Table 2. Effect of crop rotation on inorganic soil nitrogen content measured in-crop in May for 2 years after the initial rotational crop in 1982 (Trial I) and 1983 (Trial II) at Moscow, ID (Mahler and Auld, UI).
In Trial I, the researchers found that winter wheat yields were significantly increased with all N fertilizer application rates and after all four previous crops. The wheat yield responses to N were similar after green manure AWP, seed AWP and fallow. Wheat yields after barley were comparatively lower at all N application rates.
Winter wheat yield responses to N fertilizer in Trial II were similar to Trial I with one exception. The application of more than 30 lb/acre N did not improve winter wheat yield following the green manure AWP. This lack of yield response to higher application rates of N fertilizer additions may be attributed to the large amount of N added to the soil in the green manure AWP dry matter (Table 1). Much of the crop N was probably mineralized by soil microbes, providing nearly adequate available N for maximum wheat yields with the available water.
Yields of winter wheat following green manure AWP, seed AWP and fallow were not significantly different when averaged over all N fertilizer rates (Table 3). However, yields for all three of these treatments were significantly higher than the yield following barley. The researchers attribute part of the difference in yield to the lower level of inorganic soil N (Table 2) following barley and to the increased potential for soilborne diseases common to both wheat and barley.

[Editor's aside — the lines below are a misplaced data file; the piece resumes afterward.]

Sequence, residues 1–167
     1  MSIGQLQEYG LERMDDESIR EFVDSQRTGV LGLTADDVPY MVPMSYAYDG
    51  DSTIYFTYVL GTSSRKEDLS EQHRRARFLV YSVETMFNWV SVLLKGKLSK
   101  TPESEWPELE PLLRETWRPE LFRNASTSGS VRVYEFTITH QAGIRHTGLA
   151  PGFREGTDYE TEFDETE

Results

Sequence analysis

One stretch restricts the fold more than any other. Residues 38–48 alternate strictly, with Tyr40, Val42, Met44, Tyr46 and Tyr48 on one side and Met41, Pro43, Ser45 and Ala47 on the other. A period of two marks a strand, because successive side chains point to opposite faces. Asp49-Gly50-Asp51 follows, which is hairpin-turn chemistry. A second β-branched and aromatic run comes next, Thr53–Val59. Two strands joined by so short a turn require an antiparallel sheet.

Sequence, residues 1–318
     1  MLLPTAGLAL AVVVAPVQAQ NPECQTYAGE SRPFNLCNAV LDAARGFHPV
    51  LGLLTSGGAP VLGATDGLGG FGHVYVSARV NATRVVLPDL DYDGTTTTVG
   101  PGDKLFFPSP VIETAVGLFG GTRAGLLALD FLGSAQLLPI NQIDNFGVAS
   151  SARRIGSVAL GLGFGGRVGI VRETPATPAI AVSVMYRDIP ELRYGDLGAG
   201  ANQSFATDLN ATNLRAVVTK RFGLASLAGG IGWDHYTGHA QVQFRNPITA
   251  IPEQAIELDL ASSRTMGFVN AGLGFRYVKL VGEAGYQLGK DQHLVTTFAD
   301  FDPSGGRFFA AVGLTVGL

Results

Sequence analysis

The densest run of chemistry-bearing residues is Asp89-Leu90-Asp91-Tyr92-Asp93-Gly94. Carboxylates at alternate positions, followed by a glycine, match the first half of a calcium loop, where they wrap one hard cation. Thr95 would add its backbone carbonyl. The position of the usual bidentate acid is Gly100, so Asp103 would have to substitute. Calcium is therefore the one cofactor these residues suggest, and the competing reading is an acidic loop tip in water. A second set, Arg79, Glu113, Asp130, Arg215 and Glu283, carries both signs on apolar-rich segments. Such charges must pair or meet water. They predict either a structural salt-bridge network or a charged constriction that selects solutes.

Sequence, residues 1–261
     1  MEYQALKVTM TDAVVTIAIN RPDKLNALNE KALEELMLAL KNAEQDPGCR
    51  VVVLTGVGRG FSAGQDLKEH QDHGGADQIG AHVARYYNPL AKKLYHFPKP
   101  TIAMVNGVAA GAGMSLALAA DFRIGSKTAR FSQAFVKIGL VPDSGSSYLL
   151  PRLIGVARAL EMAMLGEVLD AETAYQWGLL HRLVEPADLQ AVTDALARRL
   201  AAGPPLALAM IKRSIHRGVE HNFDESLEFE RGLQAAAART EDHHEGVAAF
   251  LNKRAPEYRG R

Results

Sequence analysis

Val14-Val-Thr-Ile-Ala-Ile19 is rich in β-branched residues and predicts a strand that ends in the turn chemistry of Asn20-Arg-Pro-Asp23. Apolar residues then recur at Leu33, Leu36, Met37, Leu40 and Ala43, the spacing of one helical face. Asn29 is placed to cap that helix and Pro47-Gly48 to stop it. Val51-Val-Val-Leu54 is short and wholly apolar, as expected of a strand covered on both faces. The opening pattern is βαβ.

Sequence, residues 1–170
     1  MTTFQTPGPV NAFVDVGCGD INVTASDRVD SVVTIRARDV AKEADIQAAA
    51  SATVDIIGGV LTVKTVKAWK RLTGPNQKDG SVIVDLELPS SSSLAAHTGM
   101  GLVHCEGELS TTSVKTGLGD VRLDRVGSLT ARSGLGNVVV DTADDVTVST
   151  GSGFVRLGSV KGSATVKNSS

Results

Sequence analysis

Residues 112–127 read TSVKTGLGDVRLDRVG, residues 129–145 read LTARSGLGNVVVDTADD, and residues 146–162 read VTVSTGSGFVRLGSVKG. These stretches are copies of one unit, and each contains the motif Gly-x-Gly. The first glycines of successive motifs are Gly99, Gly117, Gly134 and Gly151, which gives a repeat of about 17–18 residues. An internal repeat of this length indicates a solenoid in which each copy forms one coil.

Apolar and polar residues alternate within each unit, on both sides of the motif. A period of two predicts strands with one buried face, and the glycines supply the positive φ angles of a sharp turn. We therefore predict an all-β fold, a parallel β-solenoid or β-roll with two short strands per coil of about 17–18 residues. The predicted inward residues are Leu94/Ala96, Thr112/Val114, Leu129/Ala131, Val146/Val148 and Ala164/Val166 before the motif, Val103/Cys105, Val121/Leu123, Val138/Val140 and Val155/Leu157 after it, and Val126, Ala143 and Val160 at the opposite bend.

The researchers point out that even though the fallow treatment resulted in wheat yields similar to those following the two AWP treatments, the yield gain after fallow was at the expense of soil organic matter decomposition without any crop residue contribution. In other words, the inclusion of AWP provides a more sustainable, long term crop rotation than fallow.
Table 3. Effect of crop rotation on yield of Stephens winter wheat and Andre spring barley in 1982-84 (Trial I) and 1983-85 (Trial II) averaged over N fertilizer rates at Moscow, ID (Mahlar and Auld, UI).
Mahler and Auld conclude that AWP can bean important addition to the crop rotation. It provides N for the following cereal crop, contributes to the soil organic matter, reduces soil erosion and reduces the incidence of soilborne diseases affecting cereals, Their research shows that AWP, as a green manure or harvested for seed, contributed an estimated N fertilizer equivalent of 57 to 84 lb/acre for the following crop, This N fertilizer equivalent was greater than from summer fallow.
The AW produced yields of the following winter wheat crop that were similar to yields after fallow, plus contributed crop residue to help maintain the soil organic matter content for sustained soil productivity. Inorganic soil N content and winter wheat yields following spring barley were lower than after the three other rotation options.
Since winter wheat yields were similar between green manure AWP and seed AWP, the researchers point out that the seed AWP-winter wheat-spring barley rotation would probably be the most economical. This is because income is received each year in the crop rotation. They feel that the interest in AWP in rotation will increase as N fertilizer costs increase in the future. Other important features of AWP in crop rotations are improved cereal yield because of decreased severity of diseases and long term maintenance soil productivity.
us: Hans Kok, (208)885-5971